Gravity

Directed by Alfonso Cuarón, Gravity follows astronaut Ryan Stone (Sandra Bullock) as she singlehandedly attempts to make her way to safety after her ship is destroyed. There’s little doubt that Gravity has its work cut out for it in terms of winning over audiences, as the movie’s been saddled with as needless and distracting a use of 3-D as one can easily recall – with the unnecessary extra dimension, coupled with the use of uncomfortable, eye-straining glasses, preventing the viewer from embracing the spare narrative on a distressingly ongoing basis. The arms-length atmosphere is perpetuated by special effects that look like special effects and a screenplay that’s rife with almost eye-rollingly hokey elements, with, in terms of the latter, the less-than-subtle trajectory of Ryan’s character arc muting the emotional impact of the film’s climactic scenes. There’s little doubt, then, that Gravity fares best during its more overtly suspense-oriented sequences, as Cuarón has infused such moments with a tense and frequently engrossing feel that’s impossible to resist. (There is, for example, a gripping interlude detailing Ryan’s efforts at saving a fellow astronaut that stands as a clear highlight within the proceedings.) It’s worth noting, though, that even in its better-than-average stretches, Gravity resembles a cutting-edge video game more than it does a wholeheartedly immersive cinematic experience – which ultimately cements the movie’s place as a technically-impressive yet far-from-captivating piece of work.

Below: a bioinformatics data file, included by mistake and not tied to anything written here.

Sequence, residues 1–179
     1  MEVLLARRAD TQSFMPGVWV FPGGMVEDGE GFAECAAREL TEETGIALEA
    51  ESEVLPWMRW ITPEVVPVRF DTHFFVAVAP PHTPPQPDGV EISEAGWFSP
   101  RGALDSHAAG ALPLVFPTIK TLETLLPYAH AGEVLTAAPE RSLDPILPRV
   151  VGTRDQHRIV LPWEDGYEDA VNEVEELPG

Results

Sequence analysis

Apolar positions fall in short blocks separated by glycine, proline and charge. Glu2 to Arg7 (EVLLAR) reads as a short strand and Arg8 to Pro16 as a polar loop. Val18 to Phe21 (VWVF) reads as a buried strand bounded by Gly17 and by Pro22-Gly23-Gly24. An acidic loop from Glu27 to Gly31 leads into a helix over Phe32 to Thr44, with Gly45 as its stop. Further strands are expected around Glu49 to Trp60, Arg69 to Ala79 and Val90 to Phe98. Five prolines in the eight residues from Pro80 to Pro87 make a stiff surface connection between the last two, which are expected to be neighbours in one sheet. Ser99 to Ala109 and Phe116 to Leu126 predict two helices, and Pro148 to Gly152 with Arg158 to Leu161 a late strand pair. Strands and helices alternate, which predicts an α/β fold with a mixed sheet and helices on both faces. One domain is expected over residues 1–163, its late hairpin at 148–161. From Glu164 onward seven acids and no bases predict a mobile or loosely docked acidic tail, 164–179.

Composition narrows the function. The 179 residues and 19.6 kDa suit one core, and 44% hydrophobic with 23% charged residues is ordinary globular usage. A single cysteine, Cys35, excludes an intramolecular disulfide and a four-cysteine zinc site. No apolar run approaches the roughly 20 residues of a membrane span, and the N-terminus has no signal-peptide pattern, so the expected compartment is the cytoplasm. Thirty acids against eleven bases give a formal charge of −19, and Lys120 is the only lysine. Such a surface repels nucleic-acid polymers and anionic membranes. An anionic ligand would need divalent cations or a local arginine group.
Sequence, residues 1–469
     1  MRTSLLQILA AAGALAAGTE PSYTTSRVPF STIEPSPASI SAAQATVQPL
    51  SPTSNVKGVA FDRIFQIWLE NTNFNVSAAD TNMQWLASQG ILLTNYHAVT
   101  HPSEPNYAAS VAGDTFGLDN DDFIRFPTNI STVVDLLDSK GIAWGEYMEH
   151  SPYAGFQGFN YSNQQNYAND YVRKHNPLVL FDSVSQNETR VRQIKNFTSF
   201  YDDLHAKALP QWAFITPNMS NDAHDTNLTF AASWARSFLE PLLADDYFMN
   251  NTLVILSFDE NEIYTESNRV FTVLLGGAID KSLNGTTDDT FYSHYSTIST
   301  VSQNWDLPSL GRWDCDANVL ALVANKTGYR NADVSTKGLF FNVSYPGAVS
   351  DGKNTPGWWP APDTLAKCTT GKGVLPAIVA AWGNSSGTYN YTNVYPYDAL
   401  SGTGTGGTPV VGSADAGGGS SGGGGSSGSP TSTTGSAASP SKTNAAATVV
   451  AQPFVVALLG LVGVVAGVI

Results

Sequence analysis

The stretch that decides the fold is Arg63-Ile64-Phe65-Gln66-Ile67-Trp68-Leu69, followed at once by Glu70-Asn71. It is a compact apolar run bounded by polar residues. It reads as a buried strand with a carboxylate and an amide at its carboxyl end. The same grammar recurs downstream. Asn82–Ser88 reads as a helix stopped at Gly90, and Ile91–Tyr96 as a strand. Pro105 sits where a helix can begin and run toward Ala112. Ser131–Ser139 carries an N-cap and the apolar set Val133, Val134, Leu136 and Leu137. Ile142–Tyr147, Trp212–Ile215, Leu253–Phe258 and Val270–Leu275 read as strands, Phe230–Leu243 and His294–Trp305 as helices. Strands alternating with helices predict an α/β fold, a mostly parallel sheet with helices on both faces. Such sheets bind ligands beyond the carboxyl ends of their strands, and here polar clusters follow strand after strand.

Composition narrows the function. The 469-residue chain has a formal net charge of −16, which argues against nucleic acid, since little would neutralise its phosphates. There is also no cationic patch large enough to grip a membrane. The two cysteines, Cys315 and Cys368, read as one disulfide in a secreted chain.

**1/2 out of ****

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